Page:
Money doesn’t matter to me: Mahalaxmi Iyer
Singer Mahalaxmi Iyer can compromise on money, but not values. She credits her family for her diverse singing skills.Updated: Nov 12, 2016 07:54 IST
She has witnessed the waves of change in the music industry. From the days of orchestral recordings to those of auto-tuned vocals, Mahalaxmi Iyer has held her own.
Recently, at a city gig, titled Bollywood Music Project, she performed live with multi-instrumentalist Raghav Sachar. The singer, who is known for her mellifluous voice, says that she enjoys live concerts because she gets to “explore a completely different facet” to her skills.
Back to the start
Growing up, she could never escape the power of music. She explains how she was influenced by different genres of music because of her family members. “My mother (Vijaya) is a classical artiste. My father (Krishnamurthy) was the biggest classical music aficionado I have known. My eldest sister, Kalpana (Iyer), instilled the love for ghazals in me. The one after her, Padmini (Roy), who is also a singer, introduced me to western music through Pink Floyd, the Bee Gees, The Beatles, etc. The third in the line, Shobha (Rammoorthy), inspired me to listen to abhangs (religious Marathi songs),” says Iyer, adding, “This is what I owe my musical journey to. Since I listened to varied forms of music, I could sing songs of various genres.”
What started off as a hobby soon evolved into something bigger. “People who worked in the film industry started to notice me during college competitions. My name became popular through word-of-mouth,” she says.
The big break
During her initial days, she worked with the popular composer trio Shankar (Mahadevan)-Ehsaan (Noorani)-Loy (Mendonsa), (SEL; who also hadn’t made their Bollywood debut then) for advertisements. She lent her voice to several jingles, some of which were in foreign languages such as French and Russian. As things progressed, she received the chance to make her Bollywood debut by recording two film songs in a single week — SEL’s ‘Suno gaur se duniya walon’ and AR Rahman’s ‘Paakhi paakhi’ (Dil Se; 1998). This triggered a rich career for Mahalaxmi, as she got to sing several hit tracks such as ‘Aaj ki raat’ (Don; 2006) and ‘Bol na halke halke’ (Jhoom Barabar Jhoom; 2007) including the Academy Award-winning ‘Jai ho’ (Slumdog Millionaire; 2008).
“Entering Bollywood without familial connections and making a career in it seemed far-fetched [when I started]. But today, I can consider many people from the industry my friends, especially SEL, because I have been collaborating with them from the time I used to sing jingles,” says Iyer.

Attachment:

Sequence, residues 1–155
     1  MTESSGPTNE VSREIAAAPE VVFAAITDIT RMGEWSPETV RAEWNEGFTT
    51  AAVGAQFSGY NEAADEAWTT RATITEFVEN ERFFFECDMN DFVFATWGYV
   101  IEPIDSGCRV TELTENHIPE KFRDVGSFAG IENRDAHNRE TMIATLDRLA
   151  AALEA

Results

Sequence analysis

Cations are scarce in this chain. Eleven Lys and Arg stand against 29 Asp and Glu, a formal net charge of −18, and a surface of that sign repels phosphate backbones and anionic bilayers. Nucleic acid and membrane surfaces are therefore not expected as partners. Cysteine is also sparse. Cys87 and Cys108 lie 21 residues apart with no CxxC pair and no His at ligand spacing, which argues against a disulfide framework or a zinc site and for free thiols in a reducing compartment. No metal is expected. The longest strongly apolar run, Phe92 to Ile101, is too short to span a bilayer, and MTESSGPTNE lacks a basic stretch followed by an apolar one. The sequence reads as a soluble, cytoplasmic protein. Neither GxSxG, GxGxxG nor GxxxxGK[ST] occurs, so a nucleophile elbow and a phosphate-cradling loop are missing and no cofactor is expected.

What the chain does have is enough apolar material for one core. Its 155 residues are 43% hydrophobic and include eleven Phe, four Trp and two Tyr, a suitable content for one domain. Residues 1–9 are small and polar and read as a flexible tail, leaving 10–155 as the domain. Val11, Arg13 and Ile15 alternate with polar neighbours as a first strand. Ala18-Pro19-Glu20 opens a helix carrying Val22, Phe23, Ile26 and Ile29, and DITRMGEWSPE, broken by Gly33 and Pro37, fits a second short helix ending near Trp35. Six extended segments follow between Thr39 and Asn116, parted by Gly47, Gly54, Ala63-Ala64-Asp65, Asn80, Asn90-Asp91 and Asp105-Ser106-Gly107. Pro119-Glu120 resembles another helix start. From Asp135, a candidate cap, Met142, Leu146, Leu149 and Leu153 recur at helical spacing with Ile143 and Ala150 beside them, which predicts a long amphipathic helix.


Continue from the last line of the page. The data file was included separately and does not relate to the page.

Doing what matters
Today, the multilingual artiste is in a position where she has the luxury choose the songs she wants to sing. What is her criterion for selecting projects? “These days, I have made it a point to question the nature of the song, besides asking what key it is in, as every artiste sings in a particular range. I am hesitant to sing songs with vulgar lyrics. If the lyrics are risqué, then I beg out,” she says.
Iyer adds that “money doesn’t matter” to her. “I am not trying to be a saint and say, ‘Main sirf rooh ke liye gaati hoon (I only sing for my soul).’ But I would love to be part of projects with smaller budgets. I recently recorded two ghazals, for which I was not paid a rupee! However, the experience was creatively most satisfying,”she says.
Diversity in creativity is being highly encouraged in the present times, observes Iyer. “Many entered [the industry] with aspirations of becoming lyricists or composers. But, they have turned into singers or instrumentalists, owing to the opportunities that they received. Also, there are many collaborations taking place. Young YouTube artistes or bands are partnering with established composers,” she says, adding, “The scene seems encouraging for indie music as well. Newer venues are opening up to support growing talent.”
However, the singer feels that we [the Indian music industry] lag behind when it comes to bridging the gap between multiple music genres and the audience. “Unfortunately, India is largely driven by mainstream music, and many people are still comfortable with listening to [mainstream]songs on television and radio. So, they are not accessing music digitally yet,” says Iyer.
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The author tweets@iamsusanjose